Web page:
We use our Joint Strategic Needs Assessment, and other local intelligence to identify which communities experience the poorest health outcomes and health inequalities. We are working to make sure Equality Impact Assessments are always completed prior to the start of any project or engagement process.  This helps us to identify those people who would be most impacted by our plans so that we can reach out to them when seeking opinions.  It also enables us to consider inequalities and health inequalities when planning and implementing commissioning decisions so that services are accessible and delivered in a way that respects the needs of each individual and does not exclude anyone. 

See our visual snapshot of PPI activity for 2018:

IAF Infographic v3.jpg

The approach we use depends on what we are engaging on and who we need to engage with, but includes events, surveys, focus groups, social media, and direct contact and via our partner networks. Our opinion is that no-one is hard to reach, but we need to invest the time and resources to creatively reach those we aren't currently hearing from. It is our view that it is best to go to people where they are, rather than expecting them to come to us.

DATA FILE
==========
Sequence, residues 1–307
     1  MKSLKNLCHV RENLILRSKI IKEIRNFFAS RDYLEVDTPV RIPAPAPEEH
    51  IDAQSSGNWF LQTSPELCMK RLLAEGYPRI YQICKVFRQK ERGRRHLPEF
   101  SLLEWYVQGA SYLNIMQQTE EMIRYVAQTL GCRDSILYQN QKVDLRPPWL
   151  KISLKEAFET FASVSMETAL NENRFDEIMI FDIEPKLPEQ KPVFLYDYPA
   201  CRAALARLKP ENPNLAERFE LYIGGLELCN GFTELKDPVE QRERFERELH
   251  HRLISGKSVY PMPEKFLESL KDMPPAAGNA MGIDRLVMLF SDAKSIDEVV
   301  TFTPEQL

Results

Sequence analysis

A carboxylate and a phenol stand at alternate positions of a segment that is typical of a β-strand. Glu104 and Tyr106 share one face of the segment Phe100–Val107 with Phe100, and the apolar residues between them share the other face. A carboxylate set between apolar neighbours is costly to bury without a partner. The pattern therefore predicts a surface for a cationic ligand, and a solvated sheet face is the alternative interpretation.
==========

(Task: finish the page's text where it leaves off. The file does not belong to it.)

4. Involvement in our governance

Patient and public representatives take part in our decision making – including through the appointment of lay members to our Governing Body and members of CCG staff (where appropriate).

We have three lay representatives on our Governing Body (including our Patient and Public Involvement Lay member) to hold us to account for the involvement work we are doing.

Healthwatch Wandsworth is a member of our Quality sub-committee, attends our Governing Body meetings and Clinical Quality Review Groups, Thinking Partners and Patient and Public Involvement Reference Group.

We also have individual patient representatives on commissioning programmes such as for cancer, as well as a service user group feeding into mental health work- all influencing the commissioning cycle.  You can read more about this in our engagement annual report.

Wandsworth Engagement Map 2019.jpg

This diagram (above) illustrates how the public is involved in governance and how our patient and public involvement work is structured within Wandsworth CCG.

As part of our commitment to transparency and accessibility we make recordings of Governing Body meetings in public available after the meeting.

To hear or watch the proceedings click on the link here:

Examples of public involvement in the board business:

  • Lay representatives highlighted the issue of homeless people in Wandsworth and raised the suggestion of an emergency shelter programme being linked into health initiatives via the Healthy London Partnership in addition to a request for a briefing on NHS Homeless health work.